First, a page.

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Research Article
Open Access Peer-reviewed

Host-Microbial Gut Interactions and Mushroom Nutrition

Victoria Bell, Jorge Ferrão, Eusébio Chaquisse, Tito Fernandes
Journal of Food and Nutrition Research. 2018, 6(9), 576-583. DOI: 10.12691/jfnr-6-9-6
Received August 05, 2018; Revised September 12, 2018; Accepted September 20, 2018

Abstract

There is a tremendous complexity of the human gut microbiota in both health and disease states and a healthy microbiota consists of an inter-dependent network of microbes rather than a particular bacterial genera. The microbiota of the gastrointestinal tract is a symbiotic partner of the host as it is crucial for maintaining homeostasis and multiple components of the host immune system. Numerous host factors influence the composition of the microbiota early in life including diet, hygiene, environmental contacts, antibiotic use, and breastfeeding. Although the content of any diet can effect bacterial composition, it cannot be suggested that diet alone is responsible for the diversity of the microbiota or its variation among individuals. The intestinal physical-chemical barrier forms part of the intestinal immune system and plays a critical role in determining the composition of the microbiota. There are multiple recognised clinical uses of mushrooms due to their content in β-glucans, important antioxidant and cytoprotective enzymes, secondary metabolites and still other unknown factors. Mushroom β-glucans have been proposed to act as biological response modifiers based on their effects on the immune system, enhancing the body's own use of macrophages and T-lymphocytes, rather than directly attacking any tumours, controlling oxidative stress and inflammation.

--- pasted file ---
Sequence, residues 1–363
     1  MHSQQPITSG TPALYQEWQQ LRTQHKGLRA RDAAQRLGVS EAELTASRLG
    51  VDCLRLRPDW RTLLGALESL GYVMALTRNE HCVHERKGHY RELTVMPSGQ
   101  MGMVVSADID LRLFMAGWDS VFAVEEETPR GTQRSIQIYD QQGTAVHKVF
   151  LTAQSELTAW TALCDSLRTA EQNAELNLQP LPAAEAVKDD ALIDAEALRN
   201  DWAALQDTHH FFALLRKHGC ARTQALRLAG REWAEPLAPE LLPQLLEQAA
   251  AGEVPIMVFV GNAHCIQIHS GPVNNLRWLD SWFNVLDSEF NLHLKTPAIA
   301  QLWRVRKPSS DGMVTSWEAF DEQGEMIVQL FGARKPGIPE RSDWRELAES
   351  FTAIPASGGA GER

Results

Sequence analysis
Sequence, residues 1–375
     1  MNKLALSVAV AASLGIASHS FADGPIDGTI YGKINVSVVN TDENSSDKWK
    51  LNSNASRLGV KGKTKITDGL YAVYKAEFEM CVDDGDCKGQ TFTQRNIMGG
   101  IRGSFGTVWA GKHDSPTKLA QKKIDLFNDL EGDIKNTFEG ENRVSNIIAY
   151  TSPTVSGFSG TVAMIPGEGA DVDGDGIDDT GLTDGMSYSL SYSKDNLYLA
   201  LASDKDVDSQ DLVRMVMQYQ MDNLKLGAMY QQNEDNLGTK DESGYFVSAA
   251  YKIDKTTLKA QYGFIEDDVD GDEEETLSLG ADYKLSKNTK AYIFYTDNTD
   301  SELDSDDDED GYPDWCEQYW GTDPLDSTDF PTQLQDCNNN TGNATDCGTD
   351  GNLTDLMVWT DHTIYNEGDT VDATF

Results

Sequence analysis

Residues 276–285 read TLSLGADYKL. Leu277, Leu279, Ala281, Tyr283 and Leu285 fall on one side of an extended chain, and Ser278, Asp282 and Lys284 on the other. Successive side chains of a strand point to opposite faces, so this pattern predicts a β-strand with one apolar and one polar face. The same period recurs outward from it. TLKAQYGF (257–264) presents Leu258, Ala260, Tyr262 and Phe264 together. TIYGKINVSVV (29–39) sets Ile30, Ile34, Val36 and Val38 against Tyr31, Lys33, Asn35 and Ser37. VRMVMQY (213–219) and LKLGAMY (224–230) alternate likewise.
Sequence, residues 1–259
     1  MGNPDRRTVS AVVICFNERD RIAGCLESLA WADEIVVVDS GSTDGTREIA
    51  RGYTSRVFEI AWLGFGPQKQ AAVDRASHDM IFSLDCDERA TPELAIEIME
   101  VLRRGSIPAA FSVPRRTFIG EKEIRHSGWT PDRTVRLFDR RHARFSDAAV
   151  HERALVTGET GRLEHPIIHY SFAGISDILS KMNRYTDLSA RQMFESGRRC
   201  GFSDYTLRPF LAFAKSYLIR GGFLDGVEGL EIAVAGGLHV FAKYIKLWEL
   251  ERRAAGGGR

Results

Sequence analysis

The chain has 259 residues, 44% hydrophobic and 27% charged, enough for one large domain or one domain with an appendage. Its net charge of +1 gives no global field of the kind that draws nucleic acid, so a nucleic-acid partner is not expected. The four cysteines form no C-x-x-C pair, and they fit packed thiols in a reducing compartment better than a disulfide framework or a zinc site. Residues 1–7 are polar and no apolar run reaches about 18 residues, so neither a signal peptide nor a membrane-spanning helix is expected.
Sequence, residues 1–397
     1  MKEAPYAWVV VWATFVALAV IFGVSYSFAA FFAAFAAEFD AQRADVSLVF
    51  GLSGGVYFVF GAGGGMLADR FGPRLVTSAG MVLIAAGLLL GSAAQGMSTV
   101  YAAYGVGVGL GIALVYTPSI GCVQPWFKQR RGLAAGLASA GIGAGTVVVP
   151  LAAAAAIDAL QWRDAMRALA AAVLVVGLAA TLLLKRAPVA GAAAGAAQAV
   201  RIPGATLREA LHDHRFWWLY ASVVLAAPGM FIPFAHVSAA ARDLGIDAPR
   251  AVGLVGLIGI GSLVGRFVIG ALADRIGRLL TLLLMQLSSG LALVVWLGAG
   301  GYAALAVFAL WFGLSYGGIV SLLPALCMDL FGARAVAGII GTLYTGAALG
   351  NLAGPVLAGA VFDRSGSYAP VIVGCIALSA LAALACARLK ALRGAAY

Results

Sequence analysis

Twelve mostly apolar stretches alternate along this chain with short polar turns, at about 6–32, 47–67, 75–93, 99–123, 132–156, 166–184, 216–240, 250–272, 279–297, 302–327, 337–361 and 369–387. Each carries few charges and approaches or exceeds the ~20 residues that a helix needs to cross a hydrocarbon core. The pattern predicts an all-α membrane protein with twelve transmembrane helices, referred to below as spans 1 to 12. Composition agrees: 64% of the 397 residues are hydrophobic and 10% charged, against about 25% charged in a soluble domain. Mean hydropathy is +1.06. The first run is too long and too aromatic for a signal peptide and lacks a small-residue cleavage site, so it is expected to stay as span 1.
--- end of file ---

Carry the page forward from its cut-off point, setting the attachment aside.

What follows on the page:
1. Introduction

Humans live in association with free-living or colonial protists microrganisms, bacteria, viruses, fungi, archaea and there is also growing evidence suggesting that helminths and protozoa may significantly interact with human gut bacteria 1, 2. The 20th century saw incredible advances in our understanding of host–microbe interactions, with identification of numerous disease-associated organisms and elucidation of pathogenic mechanisms. However, the vast majority of this work was directed at purging the human body of pathogenic organisms. While all of these efforts have dramatically reduced morbidity and mortality related to infections, they may also have inadvertently rid us of needed immunomodulatory molecules 3.

Researchers have spent more than 100 years studying pathogens with the aim of their eventual elimination, with little regard for what happens in their absence; it is now clear that many “pathogens” more commonly exist as commensal organisms. By a variety of measures, the species Homo sapiens is more microbial than human since research has shown that the human body is actually composed of more bacteria than body cells. Collectively, these trillions of bacteria are called the microbiome. Microorganisms comprise only a small, albeit significant, percentage of the body weight (between 900 and 2300 g of live bacteria). However, in terms of cell numbers, we are about 10% human and 90% bacterial 4. In the future, we need to expand our understanding on the parasitism, commensalism and mutualism among the microbiota and of how pathogenic organisms may in reality be vital to our well-being 5.